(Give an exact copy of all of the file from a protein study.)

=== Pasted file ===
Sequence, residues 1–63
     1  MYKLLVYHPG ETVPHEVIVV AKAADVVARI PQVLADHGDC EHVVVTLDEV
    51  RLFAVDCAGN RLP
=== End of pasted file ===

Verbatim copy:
Sequence, residues 1–63
     1  MYKLLVYHPG ETVPHEVIVV AKAADVVARI PQVLADHGDC EHVVVTLDEV
    51  RLFAVDCAGN RLP